How to reap profits and save the earth too

By Fiona Harvey

Financial Times

Published: November 7 2005

Businesses are used to the idea that no company has an automatic right to exist. Financial history is littered with household names that failed or were swallowed by upstart rivals. But the idea that we as a species have no guarantee of continued existence is one that most people find unsettling.

It is a notion that Jonathon Porritt says the human race needs to get used to, and quickly. “The damage that climate change is doing is serious. We are not doing what we should be to prevent it. But dealing with this is non-negotiable. It’s something we can’t ignore,” he argues.

If we do ignore the problem, the consequences could be catastrophic: rising sea levels, desertification in some regions, the cooling of others, extremely variable weather and the social ­collapse that will inevitably follow.

This vision may seem apocalyptic, but Mr Porritt insists it is justified. Many human societies have failed before now, and there is no reason to believe that just because we 21st-century beings are ostensibly much more advanced, we are immune to self-wrought destruction.

In his new book, Capitalism: As if the World Matters, Mr Porritt challenges business leaders as well as politicians to start reshaping the way that the world’s economies work in such a way as to limit the damage we are inflicting on the environment. He wants to correct the tendency of capitalism to seek short-term gains while ignoring any long-term harm that may result from exploiting the planet’s riches. But he wants to do it not by tearing down the constructs of market-based capitalism, in the way that some thinkers from the environmental movement have advocated, but by repairing those structures and leaving them intact. Ultimately, his work is a statement of faith in capitalism’s endless capacity for reinvention.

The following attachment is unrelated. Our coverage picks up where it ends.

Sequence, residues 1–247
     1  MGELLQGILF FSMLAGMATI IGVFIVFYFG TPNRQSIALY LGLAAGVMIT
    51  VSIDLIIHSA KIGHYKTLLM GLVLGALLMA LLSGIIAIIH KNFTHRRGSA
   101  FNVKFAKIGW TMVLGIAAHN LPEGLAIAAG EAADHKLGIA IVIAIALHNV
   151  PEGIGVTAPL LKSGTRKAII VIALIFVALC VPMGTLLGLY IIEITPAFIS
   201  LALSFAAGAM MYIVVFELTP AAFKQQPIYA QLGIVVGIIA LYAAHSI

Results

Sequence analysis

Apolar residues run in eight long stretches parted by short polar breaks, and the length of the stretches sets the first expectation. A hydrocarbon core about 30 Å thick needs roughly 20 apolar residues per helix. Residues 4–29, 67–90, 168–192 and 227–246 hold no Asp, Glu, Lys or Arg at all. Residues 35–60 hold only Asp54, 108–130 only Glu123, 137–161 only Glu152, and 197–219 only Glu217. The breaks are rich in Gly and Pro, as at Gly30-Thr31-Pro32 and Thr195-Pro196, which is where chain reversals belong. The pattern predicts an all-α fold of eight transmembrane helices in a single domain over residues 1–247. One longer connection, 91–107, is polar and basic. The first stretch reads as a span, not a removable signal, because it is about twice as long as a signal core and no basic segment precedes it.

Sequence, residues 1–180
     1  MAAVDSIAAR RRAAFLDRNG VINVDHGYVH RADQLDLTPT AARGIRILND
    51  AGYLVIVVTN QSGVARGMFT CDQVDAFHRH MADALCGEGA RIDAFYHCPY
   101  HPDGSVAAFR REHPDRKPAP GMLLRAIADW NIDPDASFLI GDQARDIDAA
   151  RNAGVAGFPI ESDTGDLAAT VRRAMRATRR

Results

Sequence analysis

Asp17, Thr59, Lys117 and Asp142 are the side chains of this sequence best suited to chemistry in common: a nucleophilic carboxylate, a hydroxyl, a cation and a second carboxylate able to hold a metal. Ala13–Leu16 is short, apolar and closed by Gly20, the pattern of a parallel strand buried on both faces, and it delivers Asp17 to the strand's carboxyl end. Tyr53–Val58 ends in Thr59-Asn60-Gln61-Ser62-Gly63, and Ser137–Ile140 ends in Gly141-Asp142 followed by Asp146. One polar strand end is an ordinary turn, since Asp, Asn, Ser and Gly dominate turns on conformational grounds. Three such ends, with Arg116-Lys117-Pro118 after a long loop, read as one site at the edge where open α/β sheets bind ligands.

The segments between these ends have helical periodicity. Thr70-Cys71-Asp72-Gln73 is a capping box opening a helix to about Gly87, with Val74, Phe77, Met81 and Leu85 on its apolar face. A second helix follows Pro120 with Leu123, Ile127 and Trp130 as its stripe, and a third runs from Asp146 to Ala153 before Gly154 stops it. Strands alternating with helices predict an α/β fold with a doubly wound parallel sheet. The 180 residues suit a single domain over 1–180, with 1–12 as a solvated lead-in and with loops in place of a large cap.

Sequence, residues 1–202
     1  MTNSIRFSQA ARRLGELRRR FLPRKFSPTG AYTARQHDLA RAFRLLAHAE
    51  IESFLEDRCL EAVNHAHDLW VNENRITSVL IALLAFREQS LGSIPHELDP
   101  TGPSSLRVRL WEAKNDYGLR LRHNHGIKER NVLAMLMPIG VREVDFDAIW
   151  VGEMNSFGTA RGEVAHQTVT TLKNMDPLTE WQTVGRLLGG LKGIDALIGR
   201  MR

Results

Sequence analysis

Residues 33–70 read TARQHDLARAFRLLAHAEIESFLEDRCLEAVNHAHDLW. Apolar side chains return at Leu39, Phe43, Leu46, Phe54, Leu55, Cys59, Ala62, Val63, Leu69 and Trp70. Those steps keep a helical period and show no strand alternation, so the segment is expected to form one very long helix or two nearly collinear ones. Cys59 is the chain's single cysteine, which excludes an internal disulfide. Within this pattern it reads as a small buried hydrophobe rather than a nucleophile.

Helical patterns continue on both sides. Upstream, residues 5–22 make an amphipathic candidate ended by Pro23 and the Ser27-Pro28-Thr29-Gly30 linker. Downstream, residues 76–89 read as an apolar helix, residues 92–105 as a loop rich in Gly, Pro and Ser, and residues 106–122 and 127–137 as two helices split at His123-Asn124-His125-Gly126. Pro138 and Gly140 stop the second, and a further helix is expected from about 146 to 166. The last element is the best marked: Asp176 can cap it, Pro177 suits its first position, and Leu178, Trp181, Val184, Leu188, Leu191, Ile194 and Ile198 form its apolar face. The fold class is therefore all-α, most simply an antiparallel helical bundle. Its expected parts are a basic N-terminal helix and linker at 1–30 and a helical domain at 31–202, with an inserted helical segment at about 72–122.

Mr Porritt has a long history of environmental activism, having founded the environmental charity Forum for the Future and led the UK’s Green party in the early 1980s. He was director of Friends of the Earth, the environmental pressure group, and now acts as chairman of the UK government’s Sustainable Development Commission, from which position he advises Tony Blair, the UK prime minister, on the environmental effects of his policies. As co-director of the Prince of Wales’s business and environment programme, he also advises Prince Charles on green issues, sometimes acting as conduit for or interpreter of the prince’s thoughts.

Key to Mr Porritt’s thesis is the notion of “sustain­ability”, a sometimes overused buzzword among environmentalists and green politicians. The concept itself is simple. Mr Porritt uses a definition from the influential 1987 United Nations’ Brundtland report: “development that meets the needs of the present without compromising the ability of future generations to meet their own needs”. In other words, we may exploit our natural resources for our own gain, but we should do so in a way that does not destroy them for our children and grandchildren.